One of the mysteries of the English language finally explained.
Relating to Sardinia, its people, or their language.
- ‘When a cholera outbreak closed the Sardinian border (Nice was not yet part of France), the utilitarian reformer made do with Cannes, building a chateau there for his daughter who died too quickly to enjoy it.’
- ‘It's not fast - most models are slower than those they replace - and a day bombing around the Sardinian coastline failed to persuade me that it was fun.’
- ‘When this proved inadequate he responded with a range of reforms limiting police powers, introducing the principle of consultation at local level, strengthening the Council of State, and granting greater Sardinian autonomy.’
- ‘The foursome downed four courses of Arcodoro's famous Sardinian food during the three-hour repast.’
- ‘You can't fail to find an exquisite place to eat in Pisa, everything from Tuscan and Sardinian specialities at Il Nuraghe, to dishes elsewhere that even the chef is not sure of!’
- ‘A Sardinian speciality is a large type of ravioli, around five to six centimetres square, with various fillings such as egg and chopped mint, or mashed potato and soft cheese.’
- ‘The ten large bedrooms are all furnished in an antique Sardinian style, again with furniture from the Montiferru region.’
- ‘A genetic database of 4000 people from the Sardinian villages of Perdasdefogu and Talana is already being compiled to search for the genetic origins of heart disease, asthma and depression.’
- ‘We chatted to him through the evening, catching up on his news, and at the end of our meal, he came over and served us - on the house - an authentic Sardinian liqueur, made of lemon.’
- ‘If Occitan music is the sound of heaven, then Sardinian music is the sound of the earth.’
- ‘He is a talented young Sardinian chef with the same deep-rooted passion and instinctive feeling for food.’
- ‘Sicilian food is nothing like the food of Tuscany, while Sardinian cooking is a million miles away from the cuisine of Emilia Romagna.’
- ‘I swear the minute we entered Sardinian airspace a little man in a crisp, white suit raced down the beach shouting: ‘Boss, a plane.’’
- ‘The Sardinian interior is beautiful: white rocks and dark green vegetation.’
- ‘The service at this four-star hotel is very friendly and personal despite the size; all the rooms feature all mod cons and are decorated with a nod to typical Sardinian style, albeit in a homogenous way.’
- ‘North west of Oristano at Santa Cristina, disconcertingly close to the superstrada, are reminders of Sardinian life 3,500 years ago.’
- ‘Proud Sardinian producers already are taking steps to preserve their newly discovered heritage.’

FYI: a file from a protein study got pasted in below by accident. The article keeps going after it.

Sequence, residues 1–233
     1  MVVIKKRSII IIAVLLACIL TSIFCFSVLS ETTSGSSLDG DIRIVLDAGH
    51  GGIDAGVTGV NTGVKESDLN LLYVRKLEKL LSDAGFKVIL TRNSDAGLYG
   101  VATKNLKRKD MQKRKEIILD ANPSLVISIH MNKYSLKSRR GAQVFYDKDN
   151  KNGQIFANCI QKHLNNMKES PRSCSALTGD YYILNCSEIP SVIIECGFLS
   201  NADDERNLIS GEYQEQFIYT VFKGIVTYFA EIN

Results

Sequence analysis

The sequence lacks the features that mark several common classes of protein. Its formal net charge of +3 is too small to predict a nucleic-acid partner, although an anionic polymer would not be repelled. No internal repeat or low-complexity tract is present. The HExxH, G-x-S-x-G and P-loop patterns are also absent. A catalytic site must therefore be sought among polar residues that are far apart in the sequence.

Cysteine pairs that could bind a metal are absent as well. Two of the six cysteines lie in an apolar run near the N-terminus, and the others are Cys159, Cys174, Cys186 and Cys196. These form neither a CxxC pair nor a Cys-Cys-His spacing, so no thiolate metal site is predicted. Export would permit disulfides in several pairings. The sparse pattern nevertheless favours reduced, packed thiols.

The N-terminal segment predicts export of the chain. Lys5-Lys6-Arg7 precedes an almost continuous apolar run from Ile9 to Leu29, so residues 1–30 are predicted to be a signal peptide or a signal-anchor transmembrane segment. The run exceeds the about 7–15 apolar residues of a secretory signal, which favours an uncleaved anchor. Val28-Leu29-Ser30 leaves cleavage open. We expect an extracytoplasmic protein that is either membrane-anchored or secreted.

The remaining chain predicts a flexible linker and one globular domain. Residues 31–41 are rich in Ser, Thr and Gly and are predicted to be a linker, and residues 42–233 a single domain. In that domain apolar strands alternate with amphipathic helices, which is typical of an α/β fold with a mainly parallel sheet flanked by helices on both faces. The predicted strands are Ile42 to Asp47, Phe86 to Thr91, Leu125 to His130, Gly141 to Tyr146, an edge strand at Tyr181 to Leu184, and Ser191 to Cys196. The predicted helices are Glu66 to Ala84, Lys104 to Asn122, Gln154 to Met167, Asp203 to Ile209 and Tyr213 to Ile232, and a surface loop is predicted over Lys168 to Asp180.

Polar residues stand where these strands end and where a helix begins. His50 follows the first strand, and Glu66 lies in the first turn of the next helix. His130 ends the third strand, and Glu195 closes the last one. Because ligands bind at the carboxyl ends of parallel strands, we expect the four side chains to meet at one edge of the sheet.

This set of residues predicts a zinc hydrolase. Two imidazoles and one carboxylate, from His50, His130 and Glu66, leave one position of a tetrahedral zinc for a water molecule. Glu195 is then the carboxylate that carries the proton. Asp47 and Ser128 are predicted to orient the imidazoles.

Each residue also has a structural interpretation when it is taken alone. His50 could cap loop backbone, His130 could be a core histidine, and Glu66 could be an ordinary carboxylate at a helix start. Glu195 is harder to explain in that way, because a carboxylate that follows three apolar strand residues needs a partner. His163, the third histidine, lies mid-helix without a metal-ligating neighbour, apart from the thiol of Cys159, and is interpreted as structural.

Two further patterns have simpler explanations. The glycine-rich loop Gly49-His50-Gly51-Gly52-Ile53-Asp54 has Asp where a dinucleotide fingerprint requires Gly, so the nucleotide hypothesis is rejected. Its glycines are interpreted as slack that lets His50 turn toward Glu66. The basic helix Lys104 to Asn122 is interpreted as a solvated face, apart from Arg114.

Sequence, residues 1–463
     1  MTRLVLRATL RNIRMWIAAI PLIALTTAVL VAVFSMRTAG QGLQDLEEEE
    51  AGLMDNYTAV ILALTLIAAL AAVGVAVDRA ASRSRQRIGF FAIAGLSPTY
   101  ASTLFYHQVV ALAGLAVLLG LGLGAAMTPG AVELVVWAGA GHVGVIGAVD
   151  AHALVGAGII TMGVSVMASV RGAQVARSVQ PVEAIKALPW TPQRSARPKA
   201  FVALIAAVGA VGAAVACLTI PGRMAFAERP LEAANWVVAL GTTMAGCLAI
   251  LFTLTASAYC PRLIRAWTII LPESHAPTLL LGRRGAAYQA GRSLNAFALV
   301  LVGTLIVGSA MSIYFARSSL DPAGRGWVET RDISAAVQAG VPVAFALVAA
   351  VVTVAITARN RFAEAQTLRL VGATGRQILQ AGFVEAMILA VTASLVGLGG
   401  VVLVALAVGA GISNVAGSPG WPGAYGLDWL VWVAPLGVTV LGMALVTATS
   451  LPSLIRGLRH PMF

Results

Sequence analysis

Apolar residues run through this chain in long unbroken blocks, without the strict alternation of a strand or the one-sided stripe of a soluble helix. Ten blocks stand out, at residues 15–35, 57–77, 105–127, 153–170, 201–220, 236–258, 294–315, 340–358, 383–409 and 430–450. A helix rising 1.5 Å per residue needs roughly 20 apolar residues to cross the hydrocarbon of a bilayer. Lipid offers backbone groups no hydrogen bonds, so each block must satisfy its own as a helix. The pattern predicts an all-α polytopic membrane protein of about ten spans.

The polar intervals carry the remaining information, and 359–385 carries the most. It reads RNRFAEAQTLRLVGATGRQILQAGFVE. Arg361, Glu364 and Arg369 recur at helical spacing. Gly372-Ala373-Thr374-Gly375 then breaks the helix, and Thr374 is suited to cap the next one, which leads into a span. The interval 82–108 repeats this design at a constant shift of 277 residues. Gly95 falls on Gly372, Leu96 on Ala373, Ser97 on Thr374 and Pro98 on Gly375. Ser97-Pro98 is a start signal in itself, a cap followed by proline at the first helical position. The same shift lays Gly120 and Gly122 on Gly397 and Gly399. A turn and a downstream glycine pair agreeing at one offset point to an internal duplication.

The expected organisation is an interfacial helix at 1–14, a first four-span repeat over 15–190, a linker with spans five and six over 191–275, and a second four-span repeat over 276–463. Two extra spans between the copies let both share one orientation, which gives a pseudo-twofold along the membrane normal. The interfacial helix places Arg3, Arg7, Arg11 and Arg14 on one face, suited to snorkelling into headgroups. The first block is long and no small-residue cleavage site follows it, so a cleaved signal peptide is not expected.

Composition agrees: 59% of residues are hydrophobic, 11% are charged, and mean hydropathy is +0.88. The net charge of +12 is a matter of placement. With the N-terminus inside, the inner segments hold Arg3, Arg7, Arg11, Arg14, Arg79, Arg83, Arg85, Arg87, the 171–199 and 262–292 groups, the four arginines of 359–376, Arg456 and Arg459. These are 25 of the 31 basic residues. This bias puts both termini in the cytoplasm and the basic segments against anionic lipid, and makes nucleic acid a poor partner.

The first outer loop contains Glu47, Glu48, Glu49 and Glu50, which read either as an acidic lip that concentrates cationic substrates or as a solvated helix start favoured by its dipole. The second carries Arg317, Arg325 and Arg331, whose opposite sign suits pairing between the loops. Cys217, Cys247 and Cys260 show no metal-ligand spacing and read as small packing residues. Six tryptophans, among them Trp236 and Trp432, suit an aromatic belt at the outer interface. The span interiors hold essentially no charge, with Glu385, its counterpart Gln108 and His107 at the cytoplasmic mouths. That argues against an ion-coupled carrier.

- ‘But you'd have to be pretty hard-hearted to hold that against this quirky, individual and cosy four-star Sardinian hotel.’
- ‘Mind you, it is still possible to spot the odd royal sipping Campari and soda at one of the quayside restaurants in Porto Cervo, the main town on this part of the Sardinian coast and a magnet for the super-rich.’
- ‘It will largely be set in Sardinia where the teenage Bond runs into a group of Sardinian bandits and a mad Italian count who is trying to restore the Holy Roman Empire.’
1A native or inhabitant of Sardinia.
- ‘At 36 years old, he is revelling in this Indian summer of a season which has reminded Chelsea's fans, and followers of the Premiership more widely, just how blessed they have been to witness the Sardinian's skill.’
- ‘Scotland is the sixth most homogeneous population in Europe, behind the Lapps, Sardinians, Basques, Icelanders and Finnish.’
- ‘He governed Sardinia, expelling usurers and restricting the demands made on the Sardinians for the upkeep of himself and his staff.’
- ‘Cast as the recollected observations of a Sardinian who had long ago traveled across Europe and Great Britain (as related to an Englishman), it is, in effect, a disquisition on national character.’
- ‘It was he who put his faith in him almost ten years ago, when the little Sardinian was a virtual unknown charged with filling the huge boots of one Diego Armando Maradona at Napoli.’
- ‘This led them to suggest that Sardinians might be, like the Basques, descendants of hunter-gatherers whose genomes were only mildly affected by incoming farmers.’
- ‘For Sardinians, it has just been another example of what they see as mainland prejudice.’
- ‘But now, like its near neighbour Corsica, the Sardinians have realised that what is good for the stars should also be shared with the rest of us mere mortals!’
- ‘However, Inter's players are both injured and the Sardinians are showing strong signs of revival.’
- ‘Robert of Stamfordham was unplaced in the Gouren, but he reached the final of the 100 kg Backhold wrestling where he was beaten by the best of the Sardinians.’
- ‘Useless as farmland, next to useless for grazing; and the Sardinians, like many island tribes, never were very keen on fishing.’
- ‘He eventually left the kitchen and was replaced by a Sardinian who cooked only French food because he believed that ‘Italian food was for peasants’.’
- ‘A muscly Sardinian, it is gold and orange tinged and delivers a pungent floral nose.’
2mass noun The Romance language of Sardinia.
- ‘Between the 16th and 18th centuries, the first literary texts emerged in Sardinian as part of a purist-inspired bid to develop a cultivated Sardinian language on the basis of the Lugudorian dialect.’
- ‘Similar examples can also be found in Catalan, Galician, Portuguese, Romanian, Sardinian, and Spanish.’
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